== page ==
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I am saddened to announce the passing of Dr. Walter Stolov, professor emeritus of rehabilitation medicine at the UW School of Medicine. He died on September 10 at the age of 90.

Dr. Stolov joined our faculty in 1960 and served as Chair of Rehabilitation Medicine from 1987 to 1999. A masterful clinician, mentor and researcher, he was known for combining toughness (a taskmaster in the eyes of many students and residents) with genuine caring and an enduring passion for the field of rehabilitation medicine.

As department chair, he ushered in a dynamic period of growth and expansion. In 1987, the department had a traditional focus on neurological rehabilitation for people with diseases, injury or disorders of the nervous system. Dr. Stolov saw the need to add a musculoskeletal rehabilitation program so that we could provide care for people with impairments or disabilities due to disease, disorders or injury to the muscles, tendons, ligaments and bones.

He also insisted on putting patients first. He cared for patients at UW Medical Center for a remarkable 50 years. Dr. Peter Esselman, current department chair, points out that Dr. Stolov was devoted to his patients, and they loved his attention to detail and great skill in finding the right solution to their problems. Today, the Rehabilitation Medicine Department is consistently ranked by U.S. News & World Report as one of the top rehabilitation programs in the country.

Dr. Stolov’s research included groundbreaking work in muscle properties, electrodiagnostics, neuropathy and post-polio syndrome. He authored and co-authored more than 100 peer-reviewed publications. Among many prestigious honors, he received the Distinguished Clinician Award from the American Academy of Physical Medicine and Rehabilitation in 1987 and a Lifetime Achievement Award from the American Association of Neuromuscular and Electrodiagnostic Medicine in 2001.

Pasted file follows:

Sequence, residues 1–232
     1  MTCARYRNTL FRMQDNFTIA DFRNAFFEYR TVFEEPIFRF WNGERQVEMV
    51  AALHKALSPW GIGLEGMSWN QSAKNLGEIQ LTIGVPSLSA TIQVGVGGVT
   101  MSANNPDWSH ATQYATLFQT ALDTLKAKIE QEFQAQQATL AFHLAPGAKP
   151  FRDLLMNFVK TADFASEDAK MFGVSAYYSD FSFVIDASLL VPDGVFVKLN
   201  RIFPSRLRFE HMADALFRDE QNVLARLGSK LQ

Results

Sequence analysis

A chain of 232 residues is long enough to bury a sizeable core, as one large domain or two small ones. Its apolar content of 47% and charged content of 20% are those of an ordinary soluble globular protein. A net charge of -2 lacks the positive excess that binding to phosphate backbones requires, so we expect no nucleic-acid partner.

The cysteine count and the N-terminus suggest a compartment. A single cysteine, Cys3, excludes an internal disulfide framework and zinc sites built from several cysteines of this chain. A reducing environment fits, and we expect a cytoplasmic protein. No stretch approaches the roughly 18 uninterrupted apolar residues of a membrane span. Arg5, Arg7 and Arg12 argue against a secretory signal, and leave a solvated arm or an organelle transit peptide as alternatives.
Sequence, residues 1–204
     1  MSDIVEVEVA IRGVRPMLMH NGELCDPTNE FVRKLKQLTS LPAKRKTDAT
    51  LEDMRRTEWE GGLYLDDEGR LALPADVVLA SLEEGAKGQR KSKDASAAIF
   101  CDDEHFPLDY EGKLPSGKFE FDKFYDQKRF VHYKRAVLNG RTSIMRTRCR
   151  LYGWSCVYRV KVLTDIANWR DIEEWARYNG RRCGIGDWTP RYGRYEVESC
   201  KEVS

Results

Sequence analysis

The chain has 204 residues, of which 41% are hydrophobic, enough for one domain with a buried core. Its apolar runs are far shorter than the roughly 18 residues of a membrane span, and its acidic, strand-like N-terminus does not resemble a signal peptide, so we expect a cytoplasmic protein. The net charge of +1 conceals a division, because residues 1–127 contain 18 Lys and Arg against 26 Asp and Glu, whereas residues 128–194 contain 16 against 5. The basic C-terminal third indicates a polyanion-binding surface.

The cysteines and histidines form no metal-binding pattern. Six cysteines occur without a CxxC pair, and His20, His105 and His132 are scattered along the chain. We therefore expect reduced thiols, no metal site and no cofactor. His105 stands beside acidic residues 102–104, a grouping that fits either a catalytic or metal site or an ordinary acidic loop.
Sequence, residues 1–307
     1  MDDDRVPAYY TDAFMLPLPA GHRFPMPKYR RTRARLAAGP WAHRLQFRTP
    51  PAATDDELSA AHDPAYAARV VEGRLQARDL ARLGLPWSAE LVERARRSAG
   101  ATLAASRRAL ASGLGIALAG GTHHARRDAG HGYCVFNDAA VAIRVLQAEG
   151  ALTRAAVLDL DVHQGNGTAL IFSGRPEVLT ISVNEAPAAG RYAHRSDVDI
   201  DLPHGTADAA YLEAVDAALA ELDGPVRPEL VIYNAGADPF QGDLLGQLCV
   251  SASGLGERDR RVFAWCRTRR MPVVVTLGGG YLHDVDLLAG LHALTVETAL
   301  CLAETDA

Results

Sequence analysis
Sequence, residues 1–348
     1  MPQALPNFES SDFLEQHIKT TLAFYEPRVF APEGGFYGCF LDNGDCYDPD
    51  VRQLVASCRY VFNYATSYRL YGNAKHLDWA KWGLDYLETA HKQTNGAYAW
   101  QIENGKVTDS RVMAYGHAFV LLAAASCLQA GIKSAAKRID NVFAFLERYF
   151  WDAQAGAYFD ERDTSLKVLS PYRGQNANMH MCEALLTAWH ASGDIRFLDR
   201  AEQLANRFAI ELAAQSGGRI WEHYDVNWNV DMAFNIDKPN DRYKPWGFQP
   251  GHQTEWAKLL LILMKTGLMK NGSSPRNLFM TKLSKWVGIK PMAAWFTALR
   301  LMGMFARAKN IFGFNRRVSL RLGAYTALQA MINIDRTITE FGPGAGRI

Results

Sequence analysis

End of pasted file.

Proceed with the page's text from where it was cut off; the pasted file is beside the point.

One mark of Dr. Stolov’s impact as a mentor is that many of his students and trainees have become leaders and experts in the field of rehabilitation medicine. Dr. Terry Massagli, who had her first rotation as a UW Medicine resident with Dr. Stolov in 1985, is the inpatient rehabilitation medical director at Seattle Children’s. She says that part of his legacy will be that he trained close to 250 physicians and that many have become chairs at departments across the country.

Upon learning of his death, Dr. Bruce Becker added, “He was ruthless about honesty, unstinting in sharing his clinical skills, caring with his patients, and such a force in my clinical career that I could never thank him enough. In my clinical education, I’ve been blessed with many good teachers, but Walter stands at the top of the pedestal.”

Dr. Esselman himself was a resident when he met Dr. Stolov. “Everyone who ever worked with Dr. Stolov remembers his passion for rehabilitation medicine,” he said. “He had a keen scientific, analytical mind that could take in information, analyze the data and come up with the perfect plan. The field of physical medicine and rehabilitation was enhanced in many ways by his work, and he will be missed.”

UW Medicine established the Walter C. and Anita C. Stolov Research Fund when Anita Stolov died in 2012 after 59 years of marriage to Walter. The fund supports student and resident research projects in the Department of Rehabilitation Medicine.

At this time of loss, there is comfort in knowing that this fund will continue to be a lasting tribute to one of the giants of UW Medicine.


Paul G. Ramsey, MD

CEO, UW Medicine
Executive Vice President for Medical Affairs and
Dean of the School of Medicine,
University of Washington 

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